Excerpt from Breakwater Bay


Alden wasn’t supposed to take the dinghy out today. That’s the last thing his dad said when he left for work that morning. “Don’t go on the water.  There’s a bad storm brewing.”

He’d only meant to be out long enough to catch something for dinner, but the storm had come in too fast.  Now the water boiled black around him.  Already he could hardly tell the difference between the black clouds over head and the black rocks of the breakwater.  Knives of rain slashed at his eyes and slapped his windbreaker against his skin. The shore looked so far away. He knew where the tide would pull him before he got there.

He was scared. His dad would kill him if he wrecked the dingy. A huge wave crashed over the boat, throwing him to the floor. One oar was snatched from his hand and he barely managed to grab it before it slipped from the lock.  And he forgot all about what punishment he would get and prayed he could stay alive to receive it.

He threw himself onto the bench and started rowing as hard as he could.

And then he saw her. A dark form.  Standing on the rocks.  At first he thought she must be a witch conjured from the storm.  He tried to wipe his eyes on his sleeve, but he couldn’t let go of the oars.

She waved her hands and began to scramble down the rocks.  And then she slipped and disappeared.

He stopped trying to save himself and let the breakwater draw the boat in.  He knew just when to stick out the oar to keep from crashing. Held on with all his strength. The dinghy crunched as it hit, and he flung the rope over the spike his dad had hammered into the rock years before. 

He couldn’t see her now. He clambered from the boat, slipped on the rocks. Called out, but the wind snatched his voice away. 

And suddenly there she was, lying not three feet away.  Motionless.

He crawled over the slimy rocks grabbing to whatever would keep him from sliding back into the sea, and knelt beside her; shook her.  “Lady? Lady, you gotta get up.”

She didn’t move.

“Lady. Please. You gotta get up.” He pulled on her arm, but she only turned over.  She wasn’t a lady  She was just a girl.  Wearing jeans. Not that much older than him.

He grabbed under her shoulders and tried to drag her toward the boat. She was heavy, heavier than she looked, and she wouldn’t help.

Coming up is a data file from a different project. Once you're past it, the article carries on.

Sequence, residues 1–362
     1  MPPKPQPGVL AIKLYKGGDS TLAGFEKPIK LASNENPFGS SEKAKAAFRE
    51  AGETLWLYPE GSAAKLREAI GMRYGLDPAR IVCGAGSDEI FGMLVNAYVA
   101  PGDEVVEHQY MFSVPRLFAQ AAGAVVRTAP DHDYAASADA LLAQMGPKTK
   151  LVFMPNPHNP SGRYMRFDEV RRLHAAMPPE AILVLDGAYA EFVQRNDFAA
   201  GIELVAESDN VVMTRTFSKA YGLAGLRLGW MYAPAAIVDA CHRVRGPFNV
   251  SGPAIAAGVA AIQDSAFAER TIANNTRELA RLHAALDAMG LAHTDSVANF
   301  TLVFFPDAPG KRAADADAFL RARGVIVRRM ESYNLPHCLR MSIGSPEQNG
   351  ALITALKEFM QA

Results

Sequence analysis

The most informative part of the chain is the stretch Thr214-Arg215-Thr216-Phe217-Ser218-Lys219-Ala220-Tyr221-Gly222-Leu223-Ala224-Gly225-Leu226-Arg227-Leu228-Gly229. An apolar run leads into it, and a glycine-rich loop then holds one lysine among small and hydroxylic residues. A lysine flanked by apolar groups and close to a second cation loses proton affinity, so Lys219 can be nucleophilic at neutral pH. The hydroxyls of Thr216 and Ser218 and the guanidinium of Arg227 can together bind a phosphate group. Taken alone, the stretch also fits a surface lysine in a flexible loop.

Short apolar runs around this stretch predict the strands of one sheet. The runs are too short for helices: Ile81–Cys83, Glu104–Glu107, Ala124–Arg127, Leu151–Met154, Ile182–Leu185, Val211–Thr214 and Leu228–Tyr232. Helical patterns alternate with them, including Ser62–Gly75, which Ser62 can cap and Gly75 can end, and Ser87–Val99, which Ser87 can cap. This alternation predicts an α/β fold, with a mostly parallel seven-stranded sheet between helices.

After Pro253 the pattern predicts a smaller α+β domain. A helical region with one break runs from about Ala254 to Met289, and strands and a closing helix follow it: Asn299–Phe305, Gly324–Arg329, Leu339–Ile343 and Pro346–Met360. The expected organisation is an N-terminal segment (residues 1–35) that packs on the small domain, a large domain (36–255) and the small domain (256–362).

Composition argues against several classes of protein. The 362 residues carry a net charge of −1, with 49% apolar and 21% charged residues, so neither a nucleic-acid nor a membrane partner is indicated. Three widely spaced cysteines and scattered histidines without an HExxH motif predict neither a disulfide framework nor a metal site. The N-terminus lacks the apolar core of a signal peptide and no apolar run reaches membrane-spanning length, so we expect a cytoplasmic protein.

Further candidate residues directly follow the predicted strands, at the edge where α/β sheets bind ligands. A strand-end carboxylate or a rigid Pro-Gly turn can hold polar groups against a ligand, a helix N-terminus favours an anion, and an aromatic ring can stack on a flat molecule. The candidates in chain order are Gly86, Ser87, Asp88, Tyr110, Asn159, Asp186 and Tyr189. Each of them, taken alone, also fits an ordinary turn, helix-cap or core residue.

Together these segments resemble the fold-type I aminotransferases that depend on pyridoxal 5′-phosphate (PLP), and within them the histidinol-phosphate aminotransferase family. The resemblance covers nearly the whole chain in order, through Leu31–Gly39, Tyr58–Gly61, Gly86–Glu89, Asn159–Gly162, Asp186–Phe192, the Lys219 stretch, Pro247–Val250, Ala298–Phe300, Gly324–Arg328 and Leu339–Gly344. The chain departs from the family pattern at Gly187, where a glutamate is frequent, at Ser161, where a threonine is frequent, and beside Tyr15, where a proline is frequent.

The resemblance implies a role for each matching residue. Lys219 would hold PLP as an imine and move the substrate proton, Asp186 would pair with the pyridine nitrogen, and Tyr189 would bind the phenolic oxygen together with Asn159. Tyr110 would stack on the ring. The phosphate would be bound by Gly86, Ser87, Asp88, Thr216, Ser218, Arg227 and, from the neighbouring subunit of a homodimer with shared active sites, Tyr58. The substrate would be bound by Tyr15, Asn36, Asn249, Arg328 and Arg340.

And he just kept thinking, Please don’t be dead.

Then she moved.  Her eyes opened, and they were wide and scared.  She grabbed hold of him, nearly knocking him over, but together they crawled to where the dinghy bucked like a bronco in the waves.

He didn’t know how he got her into the boat, or how he rowed to shore, or pushed the dinghy to safety on the rocky beach. He was so cold he couldn’t feel his fingers or his feet.  And she’d closed her eyes again. This time he didn’t try to wake her; he ran, not home, but across the dunes to Calder Farm. Burst into their kitchen and fell to his knees.

“The beach.  Help her.”  And everything went black.

When he awoke he was lying in a bed, covered in heavy quilts.

“Go back to sleep. Everything’s alright.”

Gran Calder. 

“Is she dead?”

She patted the quilt by his shoulder.  “No, no.  You saved her life.  You were very brave.”

His lip began to tremble.  He couldn’t stop it.

Then somebody screamed and she hurried out of the room. He pulled the covers over his head so he wouldn’t hear, but he couldn’t breathe. Another scream worse than before.  What were they doing to her?

He slid out from the covers but he wasn’t wearing anything.  Someone had taken his clothes.  He pulled the quilt from the bed, wrapped it around himself and dragged it out into the hallway.

Only one light was on, but a door was ajar at the end of the hall. He crept toward it, trailing the quilt behind him. 

The girl screamed again. Then stopped.

He stopped, too, frightened even more by that sudden silence.

Then a new, smaller cry filled the air.


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